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Making a Popularity Contest out of my Website

A few of you may have noticed that I've just added a page detailing the 'popularity' of all my articles - in other words, how many 'GET' requests (individual downloads, from server to client) they have had.

It was something I had thought about doing for a while, and decided on a whim to do it today. It was easier to implement than I expected, taking an afternoon, and runs surprisingly quickly.

Being based wholly on user-agent information, there is no real privacy concerns to be seen here (as it is simple enough to spoof your user-agent and use Tor if you are concerned), it only tracks the times a page has individually been downloaded. The script may come to be useful for people looking to achieve a similar thing, although it is long enough it would be impractical to just paste and describe all of the script here.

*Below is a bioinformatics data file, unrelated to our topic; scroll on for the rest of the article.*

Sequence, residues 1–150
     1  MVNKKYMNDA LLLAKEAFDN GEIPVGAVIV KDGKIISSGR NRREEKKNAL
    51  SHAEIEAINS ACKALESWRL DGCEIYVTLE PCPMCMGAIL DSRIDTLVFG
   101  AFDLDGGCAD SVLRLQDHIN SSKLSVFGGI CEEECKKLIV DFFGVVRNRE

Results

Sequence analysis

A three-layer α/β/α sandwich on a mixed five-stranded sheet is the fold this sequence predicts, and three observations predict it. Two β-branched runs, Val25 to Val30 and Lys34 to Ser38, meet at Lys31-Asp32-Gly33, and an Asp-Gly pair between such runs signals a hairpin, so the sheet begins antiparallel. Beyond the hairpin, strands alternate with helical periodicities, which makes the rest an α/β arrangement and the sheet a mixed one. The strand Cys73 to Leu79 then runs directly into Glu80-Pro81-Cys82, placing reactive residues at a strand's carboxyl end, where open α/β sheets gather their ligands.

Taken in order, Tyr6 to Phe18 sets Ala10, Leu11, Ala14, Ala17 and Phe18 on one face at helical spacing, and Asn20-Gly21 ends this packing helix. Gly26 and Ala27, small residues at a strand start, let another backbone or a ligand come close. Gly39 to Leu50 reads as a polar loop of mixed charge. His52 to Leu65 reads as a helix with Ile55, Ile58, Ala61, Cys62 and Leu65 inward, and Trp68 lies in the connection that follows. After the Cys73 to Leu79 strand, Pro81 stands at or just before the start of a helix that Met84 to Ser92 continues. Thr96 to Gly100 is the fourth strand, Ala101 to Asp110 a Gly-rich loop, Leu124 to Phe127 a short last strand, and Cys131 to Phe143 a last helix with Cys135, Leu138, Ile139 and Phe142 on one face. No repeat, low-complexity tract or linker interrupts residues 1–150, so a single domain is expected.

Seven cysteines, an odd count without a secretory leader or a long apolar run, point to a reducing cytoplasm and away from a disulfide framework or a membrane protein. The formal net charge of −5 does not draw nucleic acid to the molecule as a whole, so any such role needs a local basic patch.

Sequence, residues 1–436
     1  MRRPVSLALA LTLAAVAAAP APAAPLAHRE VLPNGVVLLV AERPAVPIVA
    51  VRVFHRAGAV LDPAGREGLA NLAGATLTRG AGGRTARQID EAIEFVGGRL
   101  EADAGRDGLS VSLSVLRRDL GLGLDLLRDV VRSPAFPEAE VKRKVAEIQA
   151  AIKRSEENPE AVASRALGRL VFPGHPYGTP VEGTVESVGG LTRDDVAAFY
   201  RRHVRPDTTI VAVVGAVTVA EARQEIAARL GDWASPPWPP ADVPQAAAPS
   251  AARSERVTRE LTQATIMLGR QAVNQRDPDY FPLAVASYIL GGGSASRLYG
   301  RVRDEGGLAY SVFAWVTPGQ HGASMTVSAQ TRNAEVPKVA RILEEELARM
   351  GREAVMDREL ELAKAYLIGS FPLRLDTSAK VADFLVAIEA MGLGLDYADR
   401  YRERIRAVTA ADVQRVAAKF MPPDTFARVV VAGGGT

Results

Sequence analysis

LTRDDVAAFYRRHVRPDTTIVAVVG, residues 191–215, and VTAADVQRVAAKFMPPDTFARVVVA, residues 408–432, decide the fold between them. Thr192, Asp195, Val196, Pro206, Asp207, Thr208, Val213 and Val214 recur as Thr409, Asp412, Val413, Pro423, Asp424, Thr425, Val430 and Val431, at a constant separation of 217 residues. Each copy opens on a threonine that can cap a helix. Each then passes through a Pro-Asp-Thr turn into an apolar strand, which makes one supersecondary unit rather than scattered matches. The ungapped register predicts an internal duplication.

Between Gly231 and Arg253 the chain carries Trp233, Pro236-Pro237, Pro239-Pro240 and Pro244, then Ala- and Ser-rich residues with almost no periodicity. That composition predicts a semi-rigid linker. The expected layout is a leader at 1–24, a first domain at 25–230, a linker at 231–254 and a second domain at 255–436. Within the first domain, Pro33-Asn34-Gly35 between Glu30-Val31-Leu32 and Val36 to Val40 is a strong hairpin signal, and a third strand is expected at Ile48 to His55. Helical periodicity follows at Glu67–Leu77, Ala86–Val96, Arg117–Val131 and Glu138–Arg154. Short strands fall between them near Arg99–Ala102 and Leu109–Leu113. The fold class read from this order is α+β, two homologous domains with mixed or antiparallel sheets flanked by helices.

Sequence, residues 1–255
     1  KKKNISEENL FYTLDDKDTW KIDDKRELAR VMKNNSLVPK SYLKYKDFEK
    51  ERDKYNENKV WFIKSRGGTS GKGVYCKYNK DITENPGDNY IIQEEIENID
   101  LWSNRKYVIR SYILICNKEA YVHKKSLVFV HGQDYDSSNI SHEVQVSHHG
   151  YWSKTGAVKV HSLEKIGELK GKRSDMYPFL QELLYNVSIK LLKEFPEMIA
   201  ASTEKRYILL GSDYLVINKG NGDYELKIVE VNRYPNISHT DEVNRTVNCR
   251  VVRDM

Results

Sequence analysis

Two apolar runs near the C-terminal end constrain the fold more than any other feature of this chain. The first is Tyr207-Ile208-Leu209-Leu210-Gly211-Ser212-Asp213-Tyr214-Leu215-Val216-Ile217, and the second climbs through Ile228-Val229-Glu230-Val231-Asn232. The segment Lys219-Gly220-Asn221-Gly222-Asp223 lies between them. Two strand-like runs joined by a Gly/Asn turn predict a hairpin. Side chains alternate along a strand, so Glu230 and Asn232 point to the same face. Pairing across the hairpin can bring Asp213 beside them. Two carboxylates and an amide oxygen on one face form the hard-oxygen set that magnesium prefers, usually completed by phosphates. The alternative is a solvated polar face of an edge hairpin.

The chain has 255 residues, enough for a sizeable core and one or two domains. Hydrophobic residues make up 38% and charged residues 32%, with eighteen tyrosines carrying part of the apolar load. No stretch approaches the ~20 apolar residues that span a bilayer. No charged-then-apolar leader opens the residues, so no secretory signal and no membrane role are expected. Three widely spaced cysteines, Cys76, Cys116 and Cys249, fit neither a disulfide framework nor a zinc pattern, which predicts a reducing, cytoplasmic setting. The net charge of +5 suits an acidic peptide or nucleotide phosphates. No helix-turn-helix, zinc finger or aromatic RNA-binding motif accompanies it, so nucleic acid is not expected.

The script looks for articles (I do not have to tell it which links to look for manually), uses grep to see how often a GET request occurs for each file in the nginx host logs, and does very basic arithmetic to calculate the size of bars to eventually display as HTML.


Most of what I found made sense, and has reassured me that everything is working correctly.

For example, my post on making a Tor mirror site as expected had more Tor hits than clearnet, although Tor users make up a minority on my site everywhere else. My latest article on 'Tetsuo: The Iron Man' is the lowest ranking, because it is new and has not had much traction yet.

And as I expected, my posts on how to approach shell scripting, Touhou, and YouTube on the terminal are among the highest ranking.

However, I didn't expect my Cloudflare rant to rank so high, neither my bad ASCII art post. I said 'bad' for a reason, guys.